Patrice Jones’ own R. Kelly story “began at the Rock ‘n’ Roll McDonald’s” in 1998. Jones entered the chain with her cousin, wearing a dress and a corsage—the two were coming from their high school prom. As DeRogatis narrates, a Kelly crew member brought Patrice a napkin with the singer’s phone number on it. “But Patrice’s date didn’t find the encounter nearly as exciting as the rest of the group,” DeRogatis concludes. “He’d heard stories about Kelly’s appetites, and the singer had once tried to pick up his sister.”
Finally, in 2002, R. Kelly faced what would appear to be a fatal reckoning. DeRogatis received a tape that appeared to show a number of sexual acts between R. Kelly and that original 13-year-old girl the tipster had told him about: Reshona Landfair. Her aunt, the singer Stephanie “Sparkle” Edwards, confirmed to DeRogatis that it was Reshona on the tape, and she appeared to be 14 when it was recorded. DeRogatis handed the tape over to authorities, and an indictment against R. Kelly followed.
DeRogatis recalls an alarming gaffe that occurred during a subsequent Chicago Police Department press conference. “At the start of the press conference, an aide from [State’s Attorney] Devine’s office handed a two-page press release and a copy of the twenty-four-page indictment to every reporter. [DeRogatis’s co-reporter Abdon Pallasch] and I couldn’t believe it, but Reshona Landfair’s name had not been redacted.”
Once it was pointed out that the name of an alleged underage victim hadn’t been redacted, an aide was quick to scoop up the packets. Still, DeRogatis adds, “I wondered if that would have happened with the name of a white girl from Lakeview or the North Shore suburbs.”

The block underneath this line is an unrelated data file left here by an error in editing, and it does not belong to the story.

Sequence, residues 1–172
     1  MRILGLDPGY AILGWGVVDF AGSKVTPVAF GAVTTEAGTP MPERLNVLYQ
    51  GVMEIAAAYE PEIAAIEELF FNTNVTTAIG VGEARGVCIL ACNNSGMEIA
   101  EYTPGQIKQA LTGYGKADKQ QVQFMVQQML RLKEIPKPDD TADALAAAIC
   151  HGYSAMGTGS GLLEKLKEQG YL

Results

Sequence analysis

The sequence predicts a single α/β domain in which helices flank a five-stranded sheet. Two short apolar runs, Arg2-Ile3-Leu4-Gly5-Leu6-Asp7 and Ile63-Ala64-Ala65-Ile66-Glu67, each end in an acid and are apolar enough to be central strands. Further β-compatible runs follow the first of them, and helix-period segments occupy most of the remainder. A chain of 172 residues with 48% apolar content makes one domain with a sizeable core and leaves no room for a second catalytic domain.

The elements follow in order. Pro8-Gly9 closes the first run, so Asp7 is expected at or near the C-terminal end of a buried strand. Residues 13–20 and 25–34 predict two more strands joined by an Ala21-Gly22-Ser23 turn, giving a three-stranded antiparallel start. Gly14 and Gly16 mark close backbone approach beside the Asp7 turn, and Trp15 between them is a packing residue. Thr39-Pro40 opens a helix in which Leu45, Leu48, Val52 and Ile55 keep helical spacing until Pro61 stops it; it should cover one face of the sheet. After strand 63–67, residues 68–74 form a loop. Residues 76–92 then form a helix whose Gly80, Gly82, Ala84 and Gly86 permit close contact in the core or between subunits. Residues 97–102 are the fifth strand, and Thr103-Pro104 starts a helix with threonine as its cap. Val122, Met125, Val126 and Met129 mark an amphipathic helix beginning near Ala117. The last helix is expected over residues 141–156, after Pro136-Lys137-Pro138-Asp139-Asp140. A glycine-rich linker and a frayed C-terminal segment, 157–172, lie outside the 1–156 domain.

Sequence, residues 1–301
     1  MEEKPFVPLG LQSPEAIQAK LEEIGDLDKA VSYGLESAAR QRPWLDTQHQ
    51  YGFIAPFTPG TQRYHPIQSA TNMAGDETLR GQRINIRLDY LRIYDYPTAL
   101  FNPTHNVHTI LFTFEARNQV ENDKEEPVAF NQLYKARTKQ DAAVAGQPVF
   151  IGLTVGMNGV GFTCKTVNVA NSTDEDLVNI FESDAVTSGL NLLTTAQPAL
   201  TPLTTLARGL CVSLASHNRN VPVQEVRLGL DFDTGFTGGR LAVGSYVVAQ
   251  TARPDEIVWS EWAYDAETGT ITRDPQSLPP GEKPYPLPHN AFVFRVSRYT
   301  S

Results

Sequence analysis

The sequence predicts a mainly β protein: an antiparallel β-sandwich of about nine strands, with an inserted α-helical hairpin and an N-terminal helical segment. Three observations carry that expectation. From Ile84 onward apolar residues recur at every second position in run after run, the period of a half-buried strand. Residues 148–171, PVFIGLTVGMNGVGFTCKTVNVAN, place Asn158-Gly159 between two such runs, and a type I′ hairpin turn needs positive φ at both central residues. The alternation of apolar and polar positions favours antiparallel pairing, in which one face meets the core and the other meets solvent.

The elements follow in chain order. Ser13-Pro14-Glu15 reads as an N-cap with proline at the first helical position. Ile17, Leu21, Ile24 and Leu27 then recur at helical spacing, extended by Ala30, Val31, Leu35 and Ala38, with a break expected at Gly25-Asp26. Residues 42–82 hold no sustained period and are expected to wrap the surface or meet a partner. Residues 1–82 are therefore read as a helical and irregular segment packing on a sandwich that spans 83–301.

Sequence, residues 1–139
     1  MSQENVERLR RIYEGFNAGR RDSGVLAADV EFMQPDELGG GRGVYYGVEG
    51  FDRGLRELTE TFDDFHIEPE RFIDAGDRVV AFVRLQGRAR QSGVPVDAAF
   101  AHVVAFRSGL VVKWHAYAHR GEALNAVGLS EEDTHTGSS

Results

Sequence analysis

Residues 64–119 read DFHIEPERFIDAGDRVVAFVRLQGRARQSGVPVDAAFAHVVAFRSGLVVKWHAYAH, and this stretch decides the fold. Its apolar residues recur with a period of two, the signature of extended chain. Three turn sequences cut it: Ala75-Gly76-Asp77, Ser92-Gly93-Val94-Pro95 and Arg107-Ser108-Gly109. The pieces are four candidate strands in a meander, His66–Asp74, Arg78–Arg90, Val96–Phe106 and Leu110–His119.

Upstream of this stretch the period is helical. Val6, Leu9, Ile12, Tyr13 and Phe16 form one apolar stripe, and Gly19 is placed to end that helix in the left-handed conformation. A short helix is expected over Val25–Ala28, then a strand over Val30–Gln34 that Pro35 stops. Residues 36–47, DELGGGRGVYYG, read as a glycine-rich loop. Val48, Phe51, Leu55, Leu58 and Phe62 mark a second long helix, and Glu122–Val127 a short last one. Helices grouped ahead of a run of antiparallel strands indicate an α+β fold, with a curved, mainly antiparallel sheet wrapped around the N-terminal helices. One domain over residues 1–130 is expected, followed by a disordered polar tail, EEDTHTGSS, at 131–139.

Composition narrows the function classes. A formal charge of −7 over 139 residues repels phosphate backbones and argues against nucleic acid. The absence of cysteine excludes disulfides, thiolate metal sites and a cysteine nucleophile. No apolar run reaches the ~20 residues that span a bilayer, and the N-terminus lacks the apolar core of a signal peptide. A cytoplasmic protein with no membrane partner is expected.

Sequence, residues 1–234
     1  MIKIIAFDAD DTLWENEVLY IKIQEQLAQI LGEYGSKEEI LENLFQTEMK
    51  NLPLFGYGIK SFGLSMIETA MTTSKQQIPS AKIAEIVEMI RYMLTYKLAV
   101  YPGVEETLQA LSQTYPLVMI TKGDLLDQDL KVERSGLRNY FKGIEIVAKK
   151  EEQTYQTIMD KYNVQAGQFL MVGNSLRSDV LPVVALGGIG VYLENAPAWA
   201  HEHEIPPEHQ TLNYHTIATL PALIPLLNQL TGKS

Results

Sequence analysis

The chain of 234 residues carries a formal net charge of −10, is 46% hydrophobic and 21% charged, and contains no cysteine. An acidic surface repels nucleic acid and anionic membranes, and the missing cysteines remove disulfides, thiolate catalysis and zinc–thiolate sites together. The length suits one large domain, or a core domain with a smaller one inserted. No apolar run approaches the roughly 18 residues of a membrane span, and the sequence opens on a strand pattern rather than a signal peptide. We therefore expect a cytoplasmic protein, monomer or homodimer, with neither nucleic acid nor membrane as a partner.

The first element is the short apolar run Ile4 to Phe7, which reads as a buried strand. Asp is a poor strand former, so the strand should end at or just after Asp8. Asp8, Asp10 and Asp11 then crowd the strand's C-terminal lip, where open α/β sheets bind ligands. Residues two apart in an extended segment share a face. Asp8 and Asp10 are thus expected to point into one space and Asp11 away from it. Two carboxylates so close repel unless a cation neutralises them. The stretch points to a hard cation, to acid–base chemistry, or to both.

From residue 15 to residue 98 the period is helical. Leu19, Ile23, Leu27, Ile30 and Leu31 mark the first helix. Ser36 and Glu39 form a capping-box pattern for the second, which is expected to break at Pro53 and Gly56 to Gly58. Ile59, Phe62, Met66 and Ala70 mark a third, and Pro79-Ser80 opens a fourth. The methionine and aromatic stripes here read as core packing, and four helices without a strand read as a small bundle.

Soulless offers a wealth of important trial context for the many readers who are likely confounded as to how the R&B star was eventually acquitted. The bulk of the blame seems to fall on Judge Vincent Gaughan, who was adamant that no information of alleged prior incidents (such as the marriage to Aaliyah) that may have established a pattern of behavior be presented to the jury. Furthermore, DeRogatis reports, “Gaughan ruled as inadmissible any evidence or testimony that Reshona; her mother, Valeria; and her father, Greg, worked for Kelly and were on his payroll.”
Shortly after his release on bail, R. Kelly released the single “Heaven, I Need A Hug.” Reshona’s guitarist-father was credited on the track. Vincent Gaughan was also complicit in the six-year delay that preceded the 2008 trial.
Despite the testimony of “bombshell witness” Lisa Van Allen, who stated that R. Kelly ordered her to have multiple threesomes with Reshona (he told her that Landfair was 16, but she would have been 13 or 14 at the time), Kelly eventually went free. No one was happier at the time than Jerhonda Johnson, an R. Kelly superfan who was a constant presence at the trial.
Johnson was just 15 when she used a fake ID to enter the courtroom. Eleven months after the trial, in May 2009, DeRogatis reports, one of R. Kelly’s guys contacted Johnson on social media and invited her to a party at the celebrity’s house. Soon after, during another visit, R. Kelly allegedly initiated sexual contact—Johnson was 16. “I asked him, like, ‘Do you like your girls younger?’” Johnson recalled. “He said, ‘Of course I do because I can train them.’ He said, ‘Older women, they have too much knowledge. When they’re young, I can train them and I can mold them to be who I want them to be.’” Johnson also allegedly introduced a friend of hers, Dominique Gardner, into R. Kelly’s orbit. Gardner would go on to have a relationship with Kelly up until 2018, when she was one of the six women that DeRogatis reported were living with the singer in what many called a “cult.”